By interspersing online lectures with short tests, student mind-wandering decreased by half, note-taking tripled, and overall retention of the material improved, according to Daniel Schacter, the William R. Kenan Jr. Professor of Psychology, and Karl Szpunar, a postdoctoral fellow in psychology. Their findings are described in a paper published this week in the Proceedings of the National Academy of Sciences.
“What we hope this research does is show that we can use very strong, experimentally sound techniques to describe what works in online education and what doesn’t,” said Szpunar. “The question, basically, is how do we optimize students’ time when they’re at home, trying to learn from online lectures? How do we help them most efficiently extract the information they need?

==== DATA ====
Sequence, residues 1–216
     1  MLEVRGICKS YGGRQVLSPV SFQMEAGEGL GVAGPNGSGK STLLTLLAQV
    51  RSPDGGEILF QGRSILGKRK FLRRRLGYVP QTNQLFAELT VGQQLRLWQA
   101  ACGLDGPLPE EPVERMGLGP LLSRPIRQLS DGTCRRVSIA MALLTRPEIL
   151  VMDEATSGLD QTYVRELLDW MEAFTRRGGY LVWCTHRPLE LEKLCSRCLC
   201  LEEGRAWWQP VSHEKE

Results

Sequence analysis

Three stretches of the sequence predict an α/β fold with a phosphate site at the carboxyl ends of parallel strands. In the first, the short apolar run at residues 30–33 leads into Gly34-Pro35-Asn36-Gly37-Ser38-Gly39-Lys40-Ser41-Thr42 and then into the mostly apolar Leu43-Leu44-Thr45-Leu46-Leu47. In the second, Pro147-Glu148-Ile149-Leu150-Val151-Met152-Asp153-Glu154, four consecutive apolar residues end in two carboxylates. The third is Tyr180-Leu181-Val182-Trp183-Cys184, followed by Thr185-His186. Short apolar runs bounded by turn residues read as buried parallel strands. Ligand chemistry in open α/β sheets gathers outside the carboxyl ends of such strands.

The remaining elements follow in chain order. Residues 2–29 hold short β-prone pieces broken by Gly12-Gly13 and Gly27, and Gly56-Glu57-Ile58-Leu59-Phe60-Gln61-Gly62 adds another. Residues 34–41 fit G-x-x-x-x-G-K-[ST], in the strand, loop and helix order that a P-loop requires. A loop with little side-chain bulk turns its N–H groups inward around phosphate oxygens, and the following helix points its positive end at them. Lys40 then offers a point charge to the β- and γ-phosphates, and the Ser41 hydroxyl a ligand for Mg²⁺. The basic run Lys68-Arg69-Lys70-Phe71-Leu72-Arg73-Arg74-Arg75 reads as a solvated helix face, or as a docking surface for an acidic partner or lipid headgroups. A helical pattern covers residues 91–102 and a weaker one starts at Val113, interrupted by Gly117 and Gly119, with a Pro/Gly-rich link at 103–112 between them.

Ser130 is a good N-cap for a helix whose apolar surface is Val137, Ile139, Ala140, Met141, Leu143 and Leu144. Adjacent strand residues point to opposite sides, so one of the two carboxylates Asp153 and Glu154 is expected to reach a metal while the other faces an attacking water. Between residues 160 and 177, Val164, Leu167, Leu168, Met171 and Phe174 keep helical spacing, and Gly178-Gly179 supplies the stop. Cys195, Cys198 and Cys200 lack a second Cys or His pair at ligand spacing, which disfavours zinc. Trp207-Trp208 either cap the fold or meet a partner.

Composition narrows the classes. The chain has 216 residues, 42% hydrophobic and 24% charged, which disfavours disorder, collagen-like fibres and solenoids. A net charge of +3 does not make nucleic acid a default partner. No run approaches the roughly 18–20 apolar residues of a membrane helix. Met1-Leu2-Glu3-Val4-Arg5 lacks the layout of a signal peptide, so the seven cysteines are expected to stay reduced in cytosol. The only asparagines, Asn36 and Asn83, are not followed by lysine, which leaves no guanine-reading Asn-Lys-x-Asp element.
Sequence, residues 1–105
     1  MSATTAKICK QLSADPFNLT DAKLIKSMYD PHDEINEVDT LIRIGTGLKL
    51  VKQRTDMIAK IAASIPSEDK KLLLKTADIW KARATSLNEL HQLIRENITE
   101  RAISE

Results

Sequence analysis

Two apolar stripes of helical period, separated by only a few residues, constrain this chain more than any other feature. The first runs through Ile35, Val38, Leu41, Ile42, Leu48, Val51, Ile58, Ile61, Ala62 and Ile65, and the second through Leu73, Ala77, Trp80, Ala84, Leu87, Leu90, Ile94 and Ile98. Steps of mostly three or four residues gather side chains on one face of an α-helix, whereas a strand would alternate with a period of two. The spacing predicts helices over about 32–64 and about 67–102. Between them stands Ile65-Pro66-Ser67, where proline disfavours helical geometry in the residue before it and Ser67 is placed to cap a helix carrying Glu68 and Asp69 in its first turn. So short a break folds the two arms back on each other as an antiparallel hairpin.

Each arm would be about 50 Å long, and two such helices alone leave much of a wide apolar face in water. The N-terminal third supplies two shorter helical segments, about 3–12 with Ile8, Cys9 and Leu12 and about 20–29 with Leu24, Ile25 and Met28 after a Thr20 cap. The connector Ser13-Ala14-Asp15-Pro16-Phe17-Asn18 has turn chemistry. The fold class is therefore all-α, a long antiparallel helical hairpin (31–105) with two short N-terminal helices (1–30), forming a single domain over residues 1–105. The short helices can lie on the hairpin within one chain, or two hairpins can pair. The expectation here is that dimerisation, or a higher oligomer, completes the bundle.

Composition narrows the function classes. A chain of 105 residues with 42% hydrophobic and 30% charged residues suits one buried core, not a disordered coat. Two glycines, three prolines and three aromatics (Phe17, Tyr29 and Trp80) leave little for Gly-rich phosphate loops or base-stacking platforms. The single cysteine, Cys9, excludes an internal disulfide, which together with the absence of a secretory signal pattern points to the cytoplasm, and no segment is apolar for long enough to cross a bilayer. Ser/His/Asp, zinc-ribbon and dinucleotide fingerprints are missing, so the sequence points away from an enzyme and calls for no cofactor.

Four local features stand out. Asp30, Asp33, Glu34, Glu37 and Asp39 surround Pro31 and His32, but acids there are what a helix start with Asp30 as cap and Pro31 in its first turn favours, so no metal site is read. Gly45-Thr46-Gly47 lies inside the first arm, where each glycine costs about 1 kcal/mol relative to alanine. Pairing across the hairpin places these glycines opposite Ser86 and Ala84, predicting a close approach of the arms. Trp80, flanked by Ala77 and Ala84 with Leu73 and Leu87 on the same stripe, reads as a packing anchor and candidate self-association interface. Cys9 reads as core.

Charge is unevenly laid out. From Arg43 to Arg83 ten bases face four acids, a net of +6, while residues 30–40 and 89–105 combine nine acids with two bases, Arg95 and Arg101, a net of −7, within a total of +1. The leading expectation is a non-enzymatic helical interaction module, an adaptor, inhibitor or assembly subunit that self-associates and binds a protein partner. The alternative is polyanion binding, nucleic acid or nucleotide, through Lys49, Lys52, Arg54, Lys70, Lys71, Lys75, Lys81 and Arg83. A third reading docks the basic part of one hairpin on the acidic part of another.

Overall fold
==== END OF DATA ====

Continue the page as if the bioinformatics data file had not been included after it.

“It’s not sufficient for a lecture to be short or to break up a lecture as we did in these experiments,” Schacter said. “You need to have the testing. Just breaking it up and allowing them to do something else, even allowing them to re-study the material, does nothing to cut down on mind-wandering, and does nothing to improve final test performance.”